about what I'm suggesting.


> The great advantage, to me, of the MT extension is that it keeps the
> RDF simpler. The graphs are simpler, and the inferences are simpler.
> All datatyping inference is done by RDFS up to the point where
> rdf:type connects a datatype to a literal, then that datatype mapping
> handles that literal; that's all most people will need to know. Also
> the basic semantic rules are simpler; ALL labels denote in the same
> way, for example, and datatype value domains are classes, as any
> reasonable user might expect. The only thing that is more complicated
> to state is the model theory itself, for technical reasons; but even
> there, the extra complexity only affects literals in the presence of
> datatyping, and can be factored away from the rest of the MT very
> cleanly. And most of the complexity is just in stating datatypes
> themselves as semantic constructs (which is why we need DT and DTS
> and DTC).

I don't see the simplicity anywhere.

> >that's easy:
> >
> >       :me :shoeSize _:x.
> >       _:x rdf:type :integer.
> >       _:x :decimalRep "10".
> >
> >which can be written in RDF/xml 1.0 very easily:
> >
> >       <rdf:Description rdf:about="#me">
> >         <shoeSize>
> >             <integer decimalRep="10"/>
> >         </shoeSize>
> >         </rdf:Description>
> >
> >To fill in the details... let dt:
> >be the namespace of XML Schema primitive datatypes,
> >and let rdfs:str be a new property
> >that relates XML Schema datatype to strings;
> >it's unambiguous over each of the primitive datatypes;
> 
> Are you sure?

More or less, yes.

> What about things like leading zero suppression?

I just made up the terms "integer" and "decimalRep"
but in the refinement below, such details are attended
to by way of the work of the XML Schema WG:

  "Leading and trailing zeroes are optional."
  -- http://www.w3.org/TR/2001/REC-xmlschema-2-20010502/#decimal


> But in
> any case, the natural way to describe a datatype mapping is going
> from the lexical domain to the value domain. You are forced to talk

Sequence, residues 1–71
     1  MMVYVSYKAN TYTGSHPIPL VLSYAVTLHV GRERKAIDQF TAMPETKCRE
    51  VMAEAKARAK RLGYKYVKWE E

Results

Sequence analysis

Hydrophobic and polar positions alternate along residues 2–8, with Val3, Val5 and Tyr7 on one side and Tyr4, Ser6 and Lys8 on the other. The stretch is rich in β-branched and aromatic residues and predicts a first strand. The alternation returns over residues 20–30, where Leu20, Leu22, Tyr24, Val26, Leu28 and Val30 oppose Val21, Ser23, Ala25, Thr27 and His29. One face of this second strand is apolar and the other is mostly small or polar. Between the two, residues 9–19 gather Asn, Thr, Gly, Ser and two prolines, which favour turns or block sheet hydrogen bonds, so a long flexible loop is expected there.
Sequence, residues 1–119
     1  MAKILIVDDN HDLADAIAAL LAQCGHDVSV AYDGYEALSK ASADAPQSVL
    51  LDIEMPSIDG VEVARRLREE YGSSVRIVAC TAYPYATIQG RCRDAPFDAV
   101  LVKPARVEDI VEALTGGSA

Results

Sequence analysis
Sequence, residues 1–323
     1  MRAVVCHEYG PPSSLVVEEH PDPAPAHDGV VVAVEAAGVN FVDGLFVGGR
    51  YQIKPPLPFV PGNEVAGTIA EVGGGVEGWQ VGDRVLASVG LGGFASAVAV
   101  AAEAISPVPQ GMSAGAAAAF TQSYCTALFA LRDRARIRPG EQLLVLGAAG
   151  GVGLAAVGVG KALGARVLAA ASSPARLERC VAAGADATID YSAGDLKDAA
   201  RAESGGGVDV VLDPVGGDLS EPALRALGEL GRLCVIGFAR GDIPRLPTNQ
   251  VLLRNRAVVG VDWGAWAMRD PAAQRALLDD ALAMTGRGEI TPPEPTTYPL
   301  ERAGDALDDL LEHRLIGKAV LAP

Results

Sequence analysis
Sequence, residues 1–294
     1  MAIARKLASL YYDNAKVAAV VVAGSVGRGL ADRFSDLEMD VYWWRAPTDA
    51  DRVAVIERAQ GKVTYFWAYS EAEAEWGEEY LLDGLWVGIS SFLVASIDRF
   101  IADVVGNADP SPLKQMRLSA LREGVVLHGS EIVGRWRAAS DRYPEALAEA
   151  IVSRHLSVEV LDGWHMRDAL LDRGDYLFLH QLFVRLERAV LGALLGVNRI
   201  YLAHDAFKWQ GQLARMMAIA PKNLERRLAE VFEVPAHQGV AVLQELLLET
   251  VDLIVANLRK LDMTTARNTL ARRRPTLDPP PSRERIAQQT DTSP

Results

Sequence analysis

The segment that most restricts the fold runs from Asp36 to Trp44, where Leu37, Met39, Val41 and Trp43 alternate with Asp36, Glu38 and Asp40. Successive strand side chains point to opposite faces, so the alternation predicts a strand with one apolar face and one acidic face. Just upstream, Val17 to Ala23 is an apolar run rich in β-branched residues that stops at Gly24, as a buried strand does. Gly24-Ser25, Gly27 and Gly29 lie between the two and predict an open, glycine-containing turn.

> about the inverse of this mapping. As well as being unnecessary, this
> assumes that there always is a unique inverse mapping.

Yes, as I said, the mapping is unambiguous. This doesn't seem
all that awkward to me.

> >in the case of dt:string, it's the identity relation.
> >
> >       <rdf:Description rdf:about="#me">
> >         <shoeSize>
> >             <dt:decimal rdfs:str="10"/>
> >         </shoeSize>
> >         </rdf:Description>
> 
> I still have trouble with RDF/XML,  so sorry if I'm confused, but
> does that create *three* triples, with two bnodes in common:
> 
> #me shoeSize _:1 .
> _:1 dt:decimal _:2 .
> _:2 rdfs:str "10" .

no... the <shoeSize> element is a property element,
and the <dt:decimal> element is a typednode... you
might check out Brickley's explanation of "striping"
in RDF syntax. It parses as:

        <...#me> <...#shoeSize> _:x.
        _:x <...rdf-syntax-ns#type> <...#integer>.
        _:x <...#decimalRep> "10".


> (If not, how does the 'rdfs:str' get into the second triple??)

it's a propattr; i.e. it's a property of the thing which
is of type decimal.

> >I use rdfs:str rather than rdf:value because M&S 1.0
> >(and some dublin core documentation) suggest that
> >rdf:value is for some wierd sort of currying.
> 
> I agree that rdf:value seems to be both a bad term and hopelessly
> compromised at this point.

-- 
Dan Connolly, W3C http://www.w3.org/People/Connolly/
Received on Tuesday, 6 November 2001 03:13:24 EST